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One of the most serious problems in our modern society is how to create opportunities for meeting new people. There are near infinite ways to meet people, but it seems difficult to bridge the gap between having access to others and actually forming a meaningful contact with them. In the distant past a person was limited to the people in one’s immediate surroundings, and for most that meant the people within walking distance of one’s home, and one automatically met one’s neighbors. That required considerable physical effort and people generally met only those within walking distance of their own village or farm. Nowadays, we have the potential of meeting anyone in the whole planet on the internet, and conversing with them personally via email, social media, blogs or Skype. The problem is no longer distance but how do we form meaningful contacts?

Things have changed radically recently and I have had to change my meeting-people strategy to accommodate our more potentially interactive world. An adaptation of only a few years ago was the habit of going up after a lecture or a concert and speaking with the performer. To make this meaningful to the presenter I spent a minute thinking about something which was relevant to what they had said or done that was a development of their ideas but that was too complex to bring up before a general audience. Usually there is a small group of people who come up after a lecture and ask a polite question, and then after hearing the answer they depart, but I had the habit of waiting until after the last one and then asking a challenging question, a question intended to perk the speaker’s interest and not just one of his opinion or of information, and then, horrors, I would argue with the speaker. These have developed into some of my most memorable moments, and I hope that can be said by those presenters too. It is surprising, to me, what eminent people have asked me for my business card after only a few minutes of this kind of conversation. Now that I think about it, perhaps it was to send their hit men after me.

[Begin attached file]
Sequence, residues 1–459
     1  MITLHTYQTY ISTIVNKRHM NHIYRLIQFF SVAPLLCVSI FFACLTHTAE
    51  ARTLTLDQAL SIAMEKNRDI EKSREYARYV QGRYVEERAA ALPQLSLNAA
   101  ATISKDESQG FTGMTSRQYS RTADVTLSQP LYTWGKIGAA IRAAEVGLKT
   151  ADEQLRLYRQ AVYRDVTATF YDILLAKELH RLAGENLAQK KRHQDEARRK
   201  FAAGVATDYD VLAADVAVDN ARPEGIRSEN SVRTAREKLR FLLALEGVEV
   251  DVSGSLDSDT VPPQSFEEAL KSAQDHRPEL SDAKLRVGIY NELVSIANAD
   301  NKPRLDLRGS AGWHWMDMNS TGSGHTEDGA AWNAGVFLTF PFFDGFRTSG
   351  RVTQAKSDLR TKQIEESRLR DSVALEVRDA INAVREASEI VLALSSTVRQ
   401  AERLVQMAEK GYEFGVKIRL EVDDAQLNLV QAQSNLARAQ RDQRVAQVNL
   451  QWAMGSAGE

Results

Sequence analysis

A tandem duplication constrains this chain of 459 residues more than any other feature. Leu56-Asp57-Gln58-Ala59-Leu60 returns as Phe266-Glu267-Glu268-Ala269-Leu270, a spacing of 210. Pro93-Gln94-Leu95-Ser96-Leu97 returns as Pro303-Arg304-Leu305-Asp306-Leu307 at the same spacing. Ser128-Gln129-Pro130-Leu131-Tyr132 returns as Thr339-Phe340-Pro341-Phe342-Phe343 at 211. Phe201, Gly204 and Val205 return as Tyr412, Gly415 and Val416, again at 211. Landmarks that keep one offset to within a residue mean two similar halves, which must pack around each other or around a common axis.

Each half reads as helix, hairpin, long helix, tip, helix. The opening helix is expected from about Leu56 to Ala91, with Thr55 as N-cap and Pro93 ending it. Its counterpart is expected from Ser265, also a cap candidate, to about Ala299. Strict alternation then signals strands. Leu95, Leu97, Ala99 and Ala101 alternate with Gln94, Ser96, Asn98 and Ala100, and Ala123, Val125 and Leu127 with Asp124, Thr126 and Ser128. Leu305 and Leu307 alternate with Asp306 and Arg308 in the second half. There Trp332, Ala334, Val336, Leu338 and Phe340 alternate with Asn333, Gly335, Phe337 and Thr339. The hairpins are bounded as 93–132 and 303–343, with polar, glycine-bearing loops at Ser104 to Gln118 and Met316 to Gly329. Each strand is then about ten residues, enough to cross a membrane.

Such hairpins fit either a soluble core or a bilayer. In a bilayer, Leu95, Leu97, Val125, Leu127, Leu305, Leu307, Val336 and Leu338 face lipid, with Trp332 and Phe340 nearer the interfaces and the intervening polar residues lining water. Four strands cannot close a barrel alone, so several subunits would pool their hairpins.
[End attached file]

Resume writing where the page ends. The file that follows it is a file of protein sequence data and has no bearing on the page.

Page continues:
That technique of meeting people still works, but the last couple of years I have been reviewing books and published articles on my blog and that has brought forth some comments from prominent authors and surprisingly famous people. Apparently, they search their own names on Google, or perhaps it’s easier for them to have a Google alert setting for their publication title or their name, so they are contacted automatically via email. Anyone could use this method of meeting new people, and those people will be interested in what you have to say, if you have said something that interests them, and they will respond. It is meaningful to them as well as to you when you are discussing a common problem in a substantive way.

However, when the comments are shallow or nasty as one often reads in the comments section located after news articles posted in online newspapers, it is surprising how disgusting some reviewers become. It is nonproductive of them to be offensive because what happens to a serious presenter of ideas, after a few of these events, is that he instantly stops reading that disgusting comment and moves on. Being nasty and unnecessarily abrasive just gets that person ignored and quickly forgotten. So to be listened to requires being sensitive to the recipient’s feelings as well as his thoughts; it’s usually referred to as politeness. The impolite, and excessively emotional presentations are simply ignored.

To meet people within a social setting you must be polite in their terms.

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